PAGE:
Current Surgery Reports

, 5:30 | Cite as

Frailty in Trauma Patients: An Emerging Geriatric Syndrome

Trauma Surgery (J. Diaz, Section Editor)
Part of the following topical collections:
  1. Trauma Surgery

Abstract

Purpose of Review

In contrast to their younger counterparts, geriatric patients have a decreased physiological reserve. This age-related vulnerability poses unique challenges for clinical decision-making. Additionally, as the population of the United States (U.S.) continues to age at a rapid pace, an increasing number of elderly patients need trauma care. Accordingly, this review examines the relevance of the concept of frailty in trauma cases, as well as its role in identifying vulnerable trauma patients and improving patient care. Moreover, through a process of simplification, we made the fundamental concepts of frailty and Frailty Index clearer and more useful.

Recent Findings

Frailty is a state of decline in many physiological systems. It increases vulnerability to a poor resolution after a stressor event. More precisely, this cumulative depletion of the body’s reserves makes it more likely, that a stressor will trigger disproportionate changes in health. This being the case, investigators have developed several validated models of frailty that show the association between frailty and health outcomes in trauma.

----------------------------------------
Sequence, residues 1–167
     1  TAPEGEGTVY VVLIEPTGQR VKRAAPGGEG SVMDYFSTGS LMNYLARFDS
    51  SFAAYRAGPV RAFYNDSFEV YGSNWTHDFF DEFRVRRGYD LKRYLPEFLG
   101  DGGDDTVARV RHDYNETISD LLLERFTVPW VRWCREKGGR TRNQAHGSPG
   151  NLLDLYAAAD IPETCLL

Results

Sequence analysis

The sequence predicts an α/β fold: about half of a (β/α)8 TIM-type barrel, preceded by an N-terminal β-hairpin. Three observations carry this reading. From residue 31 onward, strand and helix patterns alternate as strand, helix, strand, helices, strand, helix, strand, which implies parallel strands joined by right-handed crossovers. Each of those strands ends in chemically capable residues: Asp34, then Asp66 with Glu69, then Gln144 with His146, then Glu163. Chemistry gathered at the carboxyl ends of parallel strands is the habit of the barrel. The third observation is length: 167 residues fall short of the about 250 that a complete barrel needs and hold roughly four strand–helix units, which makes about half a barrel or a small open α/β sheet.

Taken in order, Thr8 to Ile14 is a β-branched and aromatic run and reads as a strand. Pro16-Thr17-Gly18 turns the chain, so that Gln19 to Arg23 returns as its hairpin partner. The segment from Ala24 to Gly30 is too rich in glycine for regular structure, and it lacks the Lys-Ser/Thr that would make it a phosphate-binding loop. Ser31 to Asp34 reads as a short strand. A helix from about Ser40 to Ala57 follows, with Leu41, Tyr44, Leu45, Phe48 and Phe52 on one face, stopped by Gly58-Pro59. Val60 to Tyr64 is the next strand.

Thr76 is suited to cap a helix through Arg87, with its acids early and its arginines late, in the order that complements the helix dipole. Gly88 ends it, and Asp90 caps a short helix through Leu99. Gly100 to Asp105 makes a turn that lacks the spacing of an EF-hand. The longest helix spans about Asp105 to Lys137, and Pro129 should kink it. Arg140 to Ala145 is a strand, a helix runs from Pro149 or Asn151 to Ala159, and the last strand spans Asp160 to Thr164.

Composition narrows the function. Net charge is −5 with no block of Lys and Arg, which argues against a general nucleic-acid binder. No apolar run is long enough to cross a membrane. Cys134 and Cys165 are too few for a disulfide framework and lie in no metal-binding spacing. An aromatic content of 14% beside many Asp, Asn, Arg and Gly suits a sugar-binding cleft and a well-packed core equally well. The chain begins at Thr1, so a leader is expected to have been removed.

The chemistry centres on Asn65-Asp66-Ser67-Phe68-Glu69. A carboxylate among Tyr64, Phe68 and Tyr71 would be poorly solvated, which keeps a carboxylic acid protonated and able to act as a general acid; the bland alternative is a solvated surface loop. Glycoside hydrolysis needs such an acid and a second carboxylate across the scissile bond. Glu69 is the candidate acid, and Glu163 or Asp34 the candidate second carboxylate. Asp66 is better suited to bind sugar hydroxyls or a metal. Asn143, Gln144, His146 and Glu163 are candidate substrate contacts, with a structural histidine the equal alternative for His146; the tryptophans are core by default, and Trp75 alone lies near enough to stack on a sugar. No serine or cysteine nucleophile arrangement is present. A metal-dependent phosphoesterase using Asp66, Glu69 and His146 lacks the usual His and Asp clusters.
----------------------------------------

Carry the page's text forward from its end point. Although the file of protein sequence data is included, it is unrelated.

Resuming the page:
Summary

Frailty can decisively impact a wide spectrum of a trauma patient care, including morbidity, mortality, hospital stay, discharge disposition from the hospital, and informed clinical decision-making. Therefore, especially given the increasing number of aging individuals in the U.S., the frailty of such patients must be considered to improve outcomes.

Keywords

Frailty Geriatric trauma Geriatric syndrome Frailty Index Trauma outcomes 

Notes

Compliance with Ethics Guidelines

Conflict of interest

The authors declare no conflicts of interest relevant to this manuscript.

Human and Animal Rights and Informed Consent

This article does not contain any studies with human or animal subjects performed by any of the authors.

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Copyright information

© Springer Science+Business Media, LLC 2017

Authors and Affiliations

  1. 1.Division of Trauma, Critical Care, Emergency Surgery, and Burns, Department of SurgeryUniversity of ArizonaTucsonUSA
  2. 2.Division of Trauma, Critical Care, and Emergency Surgery, Department of SurgeryUniversity of ArizonaTucsonUSA

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